BMC Geriatrics, 2023

Fish intake and pre-frailty in Norwegian older adults – a prospective cohort study: the Tromsø Study 1994–2016


Background: Pre-frailty is an intermediate, potentially reversible state before the onset of frailty. Healthy dietary choices may prevent pre-frailty. Fish is included in most healthy diets, but little is known about the association between long-term habitual fish intake and pre-frailty. We aimed to elucidate the longitudinal association between the frequency of fish intake and pre-frailty in a cohort of older adults in Norway.

Methods: 4350 participants (52% women, ≥65 years at follow-up) were included in this prospective cohort study. Data was obtained from three waves of the population-based Tromsø Study in Norway; Tromsø4 (1994–1995), Tromsø6 (2007–2008) and Tromsø7 (follow-up, 2015–2016). Frailty status at follow-up was defined by a modified version of Fried’s phenotype. Fish intake was self-reported in the three surveys and assessed as three levels of frequency of intake: low (0–3 times/month), medium (1–3 times/week) and high (≥ 4 times/week). The fish–pre-frailty association was analysed using multivariable logistic regression in two ways; (1) frequency of intake of lean, fatty and total fish in Tromsø6 and pre-frailty at follow-up, and (2) patterns of total fish intake across the three surveys and pre-frailty at follow-up.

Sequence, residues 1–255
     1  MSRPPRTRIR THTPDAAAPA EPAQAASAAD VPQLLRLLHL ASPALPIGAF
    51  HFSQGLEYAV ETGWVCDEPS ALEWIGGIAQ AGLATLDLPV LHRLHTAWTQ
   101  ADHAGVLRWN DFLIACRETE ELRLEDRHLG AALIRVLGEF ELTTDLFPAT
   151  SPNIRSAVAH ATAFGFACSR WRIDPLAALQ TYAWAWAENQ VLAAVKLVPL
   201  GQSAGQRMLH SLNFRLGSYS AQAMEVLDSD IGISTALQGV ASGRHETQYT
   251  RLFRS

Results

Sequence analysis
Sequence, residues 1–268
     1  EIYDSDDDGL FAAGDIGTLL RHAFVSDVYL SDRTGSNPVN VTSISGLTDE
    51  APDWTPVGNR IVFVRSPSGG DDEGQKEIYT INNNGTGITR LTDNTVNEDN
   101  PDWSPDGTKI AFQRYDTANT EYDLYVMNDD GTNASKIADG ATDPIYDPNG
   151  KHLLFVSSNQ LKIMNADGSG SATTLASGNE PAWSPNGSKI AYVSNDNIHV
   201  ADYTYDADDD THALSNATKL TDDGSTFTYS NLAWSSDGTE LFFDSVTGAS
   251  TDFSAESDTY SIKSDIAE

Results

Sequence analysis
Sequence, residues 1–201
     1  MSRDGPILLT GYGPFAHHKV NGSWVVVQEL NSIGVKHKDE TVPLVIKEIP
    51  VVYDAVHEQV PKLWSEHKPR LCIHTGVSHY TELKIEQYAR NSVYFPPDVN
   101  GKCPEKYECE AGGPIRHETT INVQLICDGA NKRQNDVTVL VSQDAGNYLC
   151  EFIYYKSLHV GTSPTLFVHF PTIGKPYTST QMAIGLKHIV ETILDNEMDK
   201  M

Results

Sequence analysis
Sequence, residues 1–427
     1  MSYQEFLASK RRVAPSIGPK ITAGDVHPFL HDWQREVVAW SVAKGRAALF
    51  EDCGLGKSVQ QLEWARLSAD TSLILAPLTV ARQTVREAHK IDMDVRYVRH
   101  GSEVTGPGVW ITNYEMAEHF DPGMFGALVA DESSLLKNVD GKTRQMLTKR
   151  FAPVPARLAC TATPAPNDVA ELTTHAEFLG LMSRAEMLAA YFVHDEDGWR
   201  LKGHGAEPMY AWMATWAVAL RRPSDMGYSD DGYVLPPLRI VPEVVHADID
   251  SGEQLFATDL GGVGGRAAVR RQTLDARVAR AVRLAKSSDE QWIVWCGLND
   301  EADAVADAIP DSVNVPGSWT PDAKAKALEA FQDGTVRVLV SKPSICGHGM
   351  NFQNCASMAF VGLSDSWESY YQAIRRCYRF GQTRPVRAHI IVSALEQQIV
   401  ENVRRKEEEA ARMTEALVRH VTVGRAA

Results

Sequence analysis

Results: At follow-up, 28% (n = 1124) were pre-frail. Participants with a higher frequency of lean, fatty and total fish intake had 28% (odds ratio (OR) = 0.72, 95% confidence interval (CI) = 0.53, 0.97), 37% (OR = 0.63, 95% CI = 0.43, 0.91) and 31% (OR = 0.69, 95% CI = 0.52, 0.91) lower odds of pre-frailty 8 years later compared with those with a low intake, respectively. A pattern of stable high fish intake over 21 years was associated with 41% (OR = 0.59, 95% CI = 0.38, 0.91) lower odds of pre-frailty compared with a stable low intake.

Conclusions: A higher frequency of intake of lean, fatty and total fish, and a pattern of consistent frequent fish intake over time, were associated with lower odds of pre-frailty in older community-dwelling Norwegian adults. These results emphasise the important role of fish in a healthy diet and that a frequent fish intake should be promoted to facilitate healthy ageing.


Dina Moxness Konglevoll, Lene Frost Andersen, Laila Arnesdatter Hopstock, Bjørn Heine Strand, Magne Thoresen, Torunn Holm Totland, Anette Hjartåker & Monica Hauger Carlsen

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